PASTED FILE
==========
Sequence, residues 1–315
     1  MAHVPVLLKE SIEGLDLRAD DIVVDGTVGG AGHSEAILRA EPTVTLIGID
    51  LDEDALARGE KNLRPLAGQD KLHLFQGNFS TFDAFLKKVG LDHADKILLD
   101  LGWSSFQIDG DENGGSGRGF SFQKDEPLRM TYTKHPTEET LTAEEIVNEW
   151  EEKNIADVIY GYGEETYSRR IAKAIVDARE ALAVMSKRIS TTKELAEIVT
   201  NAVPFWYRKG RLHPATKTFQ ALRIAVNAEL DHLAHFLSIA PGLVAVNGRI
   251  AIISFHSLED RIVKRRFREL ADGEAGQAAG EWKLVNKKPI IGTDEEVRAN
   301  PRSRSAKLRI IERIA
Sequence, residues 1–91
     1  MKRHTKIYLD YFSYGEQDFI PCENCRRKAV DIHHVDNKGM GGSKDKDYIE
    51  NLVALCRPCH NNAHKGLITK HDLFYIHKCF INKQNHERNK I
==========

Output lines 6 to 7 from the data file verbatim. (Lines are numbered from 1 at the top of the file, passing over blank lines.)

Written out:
   201  NAVPFWYRKG RLHPATKTFQ ALRIAVNAEL DHLAHFLSIA PGLVAVNGRI
   251  AIISFHSLED RIVKRRFREL ADGEAGQAAG EWKLVNKKPI IGTDEEVRAN